This tawny owl came in last night, a road casualty, it’s been to the vets and has mild concussion, so will stay with us for a few days.
Happy Christmas and New Year to all our supporters who have helped us during 2014! It’s been a busy one and we are currently over wintering 180 hedgehogs!
All the best for 2015 and we look forward to another year of helping out Wiltshire’s Wildlife!
The WWH Team
The hospital is still getting a steady flow of hedgehogs in, there seems to have been quite a few dog bites this year. Marilyn has been working her magic and most have pulled through. There has also been quite a number of house martins and swallows in. In one incident a builder knocked down three nests, one with eggs and a newly hatched in and the others with older birds. Most of these have been released, Corinne still has 3 which will hopefully grow up in time to make the journey to Africa!
Back in July we had a very unusual swift arrive at the hospital.
Marilyn tried to release him last Friday as the window for releasing swifts is closing fast. He flew along the ground without gaining height which was disappointing as we can not over winter a swift. However on Monday hearing there had been a surge of swifts leaving our shores Marilyn released one of our younger swifts who went beautifully. She then tried again with his silver friend not really thinking he would actually go and as she held him with her hands she could feel how strong he was. With a gentle lift he FLEW watching him gain height until he disappeared against the clouds.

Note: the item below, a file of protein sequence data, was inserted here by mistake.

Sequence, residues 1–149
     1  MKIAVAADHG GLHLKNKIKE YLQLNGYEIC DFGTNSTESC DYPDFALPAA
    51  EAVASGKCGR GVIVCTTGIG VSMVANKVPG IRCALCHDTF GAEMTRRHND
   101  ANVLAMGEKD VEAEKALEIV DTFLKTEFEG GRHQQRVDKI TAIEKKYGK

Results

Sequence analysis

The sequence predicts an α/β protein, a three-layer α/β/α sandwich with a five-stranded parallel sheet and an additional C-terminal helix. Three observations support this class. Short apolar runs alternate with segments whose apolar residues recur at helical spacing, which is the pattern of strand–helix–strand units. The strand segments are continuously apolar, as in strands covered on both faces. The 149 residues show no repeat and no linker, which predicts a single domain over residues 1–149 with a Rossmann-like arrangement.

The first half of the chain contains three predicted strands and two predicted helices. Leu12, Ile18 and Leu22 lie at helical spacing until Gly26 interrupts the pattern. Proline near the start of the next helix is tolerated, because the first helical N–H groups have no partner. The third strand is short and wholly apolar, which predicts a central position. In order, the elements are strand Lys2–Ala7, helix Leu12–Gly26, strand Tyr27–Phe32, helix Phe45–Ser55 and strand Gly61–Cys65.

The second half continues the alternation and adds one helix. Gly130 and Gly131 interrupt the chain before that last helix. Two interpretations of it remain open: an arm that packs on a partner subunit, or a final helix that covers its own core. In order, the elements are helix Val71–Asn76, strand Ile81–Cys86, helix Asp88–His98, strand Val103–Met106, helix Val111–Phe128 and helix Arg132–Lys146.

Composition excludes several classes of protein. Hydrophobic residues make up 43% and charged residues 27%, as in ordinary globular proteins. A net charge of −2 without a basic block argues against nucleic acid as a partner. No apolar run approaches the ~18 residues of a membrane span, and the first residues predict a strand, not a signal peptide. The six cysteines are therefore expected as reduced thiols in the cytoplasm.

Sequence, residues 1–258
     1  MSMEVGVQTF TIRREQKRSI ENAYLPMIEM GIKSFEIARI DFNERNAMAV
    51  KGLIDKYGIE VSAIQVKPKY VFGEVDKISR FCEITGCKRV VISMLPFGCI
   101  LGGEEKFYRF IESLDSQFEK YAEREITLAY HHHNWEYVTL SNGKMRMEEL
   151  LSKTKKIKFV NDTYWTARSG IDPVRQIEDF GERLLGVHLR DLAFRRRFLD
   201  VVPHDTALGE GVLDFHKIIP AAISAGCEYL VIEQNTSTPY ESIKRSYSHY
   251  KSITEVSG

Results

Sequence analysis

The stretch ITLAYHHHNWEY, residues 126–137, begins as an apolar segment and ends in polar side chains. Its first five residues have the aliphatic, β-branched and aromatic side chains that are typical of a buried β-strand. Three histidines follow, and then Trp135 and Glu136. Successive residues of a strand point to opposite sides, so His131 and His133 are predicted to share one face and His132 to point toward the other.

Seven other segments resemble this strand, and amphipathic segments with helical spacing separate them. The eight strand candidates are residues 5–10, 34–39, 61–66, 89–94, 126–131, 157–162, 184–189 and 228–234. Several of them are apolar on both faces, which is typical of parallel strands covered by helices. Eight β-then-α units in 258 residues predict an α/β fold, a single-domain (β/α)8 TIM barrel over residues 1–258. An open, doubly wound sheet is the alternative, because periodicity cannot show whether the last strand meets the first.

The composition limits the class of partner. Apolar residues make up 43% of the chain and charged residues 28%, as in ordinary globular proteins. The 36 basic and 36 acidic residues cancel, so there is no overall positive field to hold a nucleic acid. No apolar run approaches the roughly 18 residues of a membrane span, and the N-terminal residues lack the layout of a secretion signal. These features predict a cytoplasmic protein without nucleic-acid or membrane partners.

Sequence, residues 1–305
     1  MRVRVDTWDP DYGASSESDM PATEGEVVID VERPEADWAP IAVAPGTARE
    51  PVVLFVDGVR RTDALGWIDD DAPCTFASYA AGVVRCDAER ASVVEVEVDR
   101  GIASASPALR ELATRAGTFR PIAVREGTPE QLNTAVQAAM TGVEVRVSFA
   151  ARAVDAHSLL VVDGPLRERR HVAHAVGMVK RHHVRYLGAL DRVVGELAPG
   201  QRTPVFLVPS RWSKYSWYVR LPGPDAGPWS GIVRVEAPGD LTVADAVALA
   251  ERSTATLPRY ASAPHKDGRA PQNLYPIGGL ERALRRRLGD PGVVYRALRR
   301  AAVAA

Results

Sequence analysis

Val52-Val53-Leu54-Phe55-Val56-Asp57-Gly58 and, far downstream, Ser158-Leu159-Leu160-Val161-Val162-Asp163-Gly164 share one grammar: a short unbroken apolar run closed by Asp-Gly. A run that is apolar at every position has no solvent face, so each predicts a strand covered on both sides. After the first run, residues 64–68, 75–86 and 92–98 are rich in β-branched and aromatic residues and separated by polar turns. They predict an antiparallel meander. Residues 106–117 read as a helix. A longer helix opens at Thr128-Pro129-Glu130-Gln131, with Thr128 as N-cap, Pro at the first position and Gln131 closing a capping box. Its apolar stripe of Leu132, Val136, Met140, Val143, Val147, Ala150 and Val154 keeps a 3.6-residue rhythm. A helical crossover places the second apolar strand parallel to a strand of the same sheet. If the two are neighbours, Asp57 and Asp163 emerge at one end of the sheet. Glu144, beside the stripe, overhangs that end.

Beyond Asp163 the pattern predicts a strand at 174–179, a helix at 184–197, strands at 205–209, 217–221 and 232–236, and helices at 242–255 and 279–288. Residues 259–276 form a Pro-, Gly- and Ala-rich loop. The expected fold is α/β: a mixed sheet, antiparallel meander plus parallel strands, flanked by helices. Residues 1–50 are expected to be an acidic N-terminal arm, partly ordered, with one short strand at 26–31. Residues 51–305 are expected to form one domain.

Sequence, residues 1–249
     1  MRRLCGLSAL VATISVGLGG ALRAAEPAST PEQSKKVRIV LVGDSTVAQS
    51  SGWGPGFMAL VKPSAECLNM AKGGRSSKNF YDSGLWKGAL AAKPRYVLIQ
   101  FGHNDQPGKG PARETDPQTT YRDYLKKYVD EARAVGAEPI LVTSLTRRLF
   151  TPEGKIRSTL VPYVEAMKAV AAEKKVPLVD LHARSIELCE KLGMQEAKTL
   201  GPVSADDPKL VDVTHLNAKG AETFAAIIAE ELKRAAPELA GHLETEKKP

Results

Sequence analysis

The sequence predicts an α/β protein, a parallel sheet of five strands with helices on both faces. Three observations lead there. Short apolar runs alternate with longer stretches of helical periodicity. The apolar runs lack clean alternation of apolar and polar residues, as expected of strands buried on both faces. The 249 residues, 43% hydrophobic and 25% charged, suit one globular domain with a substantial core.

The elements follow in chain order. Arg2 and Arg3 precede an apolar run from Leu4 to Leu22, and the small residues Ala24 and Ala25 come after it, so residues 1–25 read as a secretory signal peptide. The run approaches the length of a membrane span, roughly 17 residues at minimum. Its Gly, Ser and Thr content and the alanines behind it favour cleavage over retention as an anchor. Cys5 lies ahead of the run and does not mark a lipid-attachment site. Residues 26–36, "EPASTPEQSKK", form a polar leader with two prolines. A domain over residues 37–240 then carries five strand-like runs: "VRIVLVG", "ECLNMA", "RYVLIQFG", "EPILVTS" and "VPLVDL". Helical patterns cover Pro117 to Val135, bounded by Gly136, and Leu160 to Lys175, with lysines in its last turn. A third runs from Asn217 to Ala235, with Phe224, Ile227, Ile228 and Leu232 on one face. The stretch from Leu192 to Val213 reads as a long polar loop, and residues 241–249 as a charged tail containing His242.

It was never confirmed if he was a different species or whether a unique colouring but at least we were able to release him back to the wild.
It’s good to see ourselves produce a quarterly newsletter again. Also, it is great to see the overwintered species released. It’s quite a heavy workload and costly, but works well. As usual replacement inpatients aren’t good enough to wait and the Spring and Summertime influx has been steady. Luckily, we have a number of regular volunteer helpers and collectors/rescuers to help keep on top of the work. There are gaps where some days are a bit light in help, which is what you get when you are a charity reliant on volunteers. Also, we are getting short of rescuers around the area, in particular, ones who can handle the more difficult and dangerous species. Anyone who would like to step up to the plate at the hospital or out doing rescues, do come forward.
On another note, I had hoped to report how we were getting on with the purpose built facilities within the main barn, which would give us secure and controlled areas for inpatients. We seem to have been let down yet again by the builders who were to head up the project. It is really disappointing, none of us are getting any younger and if we are to make this hospital work in the long term then we need good facilities that are earlier to use. Anyone who can help, once again, please do come forward. Funding is the other area that could do with some help. Anyone who would like to help attract some more money into the coffers please do just make yourself known.
So, we could do better, with developing facilities and funding, but the animal care, which has to be the most important aspect of our work, I consider to be exemplary. We always wish to do better and with better facilities and more help & funds, we would. Please do remember that we are manned by volunteers and funded mostly by donations, any help that you can give us can only improve things.
Mike Korkis – Hospital Manager and Chairman
It’s that time of year again! Sunday 10th August from 12 noon at Newton Toney playing field is our Summer Fayre and it’s going to be a corker!
With events in the arena, BBQ, stalls, games and much more you’d be mad to miss it! So come along and help raise much needed money for your local Wildlife Hospital and have a great family day out!
See you there,
The WWH team